Will you use more pantomime?

Pantomime is something that I experienced as a dancer at the Royal Danish Ballet, because they are so great. All Bournonville repertoire is based on acting and mime, and they are great masters .



What do you think of other historical  reconstructions, like those of Pierre Lacotte or Sergei Vikharev?

I love what Lacotte did for the Bolshoi. You can’t call it a reconstruction but it’s a very, very fine production. I can’t think of any other choreographer in the world who can do soli, duos, ensembles, pas d’action …

There is little mime, but perhaps that could be added. In the beginning, it was difficult for the dancers, but now they love doing it. [Pharao's Daughter].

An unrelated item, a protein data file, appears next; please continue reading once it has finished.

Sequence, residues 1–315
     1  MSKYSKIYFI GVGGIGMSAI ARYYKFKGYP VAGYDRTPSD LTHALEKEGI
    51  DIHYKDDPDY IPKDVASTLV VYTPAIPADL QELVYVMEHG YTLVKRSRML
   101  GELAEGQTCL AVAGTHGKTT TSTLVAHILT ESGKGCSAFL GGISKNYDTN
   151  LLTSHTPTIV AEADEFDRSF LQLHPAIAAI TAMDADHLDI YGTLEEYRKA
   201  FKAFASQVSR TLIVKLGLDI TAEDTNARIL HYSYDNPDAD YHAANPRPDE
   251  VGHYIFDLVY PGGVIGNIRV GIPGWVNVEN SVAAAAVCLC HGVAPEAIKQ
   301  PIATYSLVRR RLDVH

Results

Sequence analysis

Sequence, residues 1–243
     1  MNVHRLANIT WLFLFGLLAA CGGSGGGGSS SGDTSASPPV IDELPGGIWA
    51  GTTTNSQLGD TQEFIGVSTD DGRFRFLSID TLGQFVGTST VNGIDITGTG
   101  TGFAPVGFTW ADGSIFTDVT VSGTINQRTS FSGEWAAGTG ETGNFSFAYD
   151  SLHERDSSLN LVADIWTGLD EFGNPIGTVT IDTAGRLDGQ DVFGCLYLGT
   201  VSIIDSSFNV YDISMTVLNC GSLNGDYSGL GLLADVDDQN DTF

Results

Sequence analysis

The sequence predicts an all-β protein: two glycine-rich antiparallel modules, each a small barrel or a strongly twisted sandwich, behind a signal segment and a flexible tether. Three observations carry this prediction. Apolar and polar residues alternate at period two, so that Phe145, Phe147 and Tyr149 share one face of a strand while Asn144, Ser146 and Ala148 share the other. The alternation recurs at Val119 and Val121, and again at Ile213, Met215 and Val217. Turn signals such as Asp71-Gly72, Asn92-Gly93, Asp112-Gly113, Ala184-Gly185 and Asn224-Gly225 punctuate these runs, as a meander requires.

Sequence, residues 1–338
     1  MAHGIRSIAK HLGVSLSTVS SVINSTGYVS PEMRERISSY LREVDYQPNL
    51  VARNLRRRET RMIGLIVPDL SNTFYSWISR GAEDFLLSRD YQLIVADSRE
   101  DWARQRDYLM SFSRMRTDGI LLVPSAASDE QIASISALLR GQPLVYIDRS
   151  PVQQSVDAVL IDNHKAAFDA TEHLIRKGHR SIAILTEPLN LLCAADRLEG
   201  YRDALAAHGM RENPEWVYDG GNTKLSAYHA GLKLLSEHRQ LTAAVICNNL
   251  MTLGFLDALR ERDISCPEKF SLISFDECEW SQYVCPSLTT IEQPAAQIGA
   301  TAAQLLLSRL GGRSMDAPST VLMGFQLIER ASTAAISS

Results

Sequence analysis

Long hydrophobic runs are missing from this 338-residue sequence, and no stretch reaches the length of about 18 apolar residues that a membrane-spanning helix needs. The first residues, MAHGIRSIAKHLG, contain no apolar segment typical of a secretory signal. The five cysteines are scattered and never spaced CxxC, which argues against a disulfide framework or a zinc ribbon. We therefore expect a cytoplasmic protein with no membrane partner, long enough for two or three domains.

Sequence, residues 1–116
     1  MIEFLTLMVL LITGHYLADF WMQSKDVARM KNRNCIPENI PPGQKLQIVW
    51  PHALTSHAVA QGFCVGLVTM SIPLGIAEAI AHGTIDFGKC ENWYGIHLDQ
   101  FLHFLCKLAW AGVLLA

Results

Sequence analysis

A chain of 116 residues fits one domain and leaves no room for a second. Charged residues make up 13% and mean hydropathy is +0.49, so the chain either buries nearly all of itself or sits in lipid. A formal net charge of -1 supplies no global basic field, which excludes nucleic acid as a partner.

Is it so very different from the Bolshoi style?

Very, but also very expensive as a performance. [By that I mean that it demands not money, but huge resources]. 



And what about Vikharev?  His main concern is with authenticity

I have great respect for him, for the amount of work he has done together with his troupe.

The problem remains that there are many ways to interpret notation, depending on who is reading. Because it’s not like the notes on a musical score! So I wouldn’t call it "authentic" Petipa, but rather Vikharev’s view of the notation. But it’s great that he went back to the original structure of The Sleeping Beauty, because during the Soviet era, it was changed so much.



Alexeï Ratmansky - Propos recueillis par B. Jarrasse

Interviewed on  August 16th. 2006 - English revision by Katharine Kanter


© Alexeï Ratmansky – Dansomanie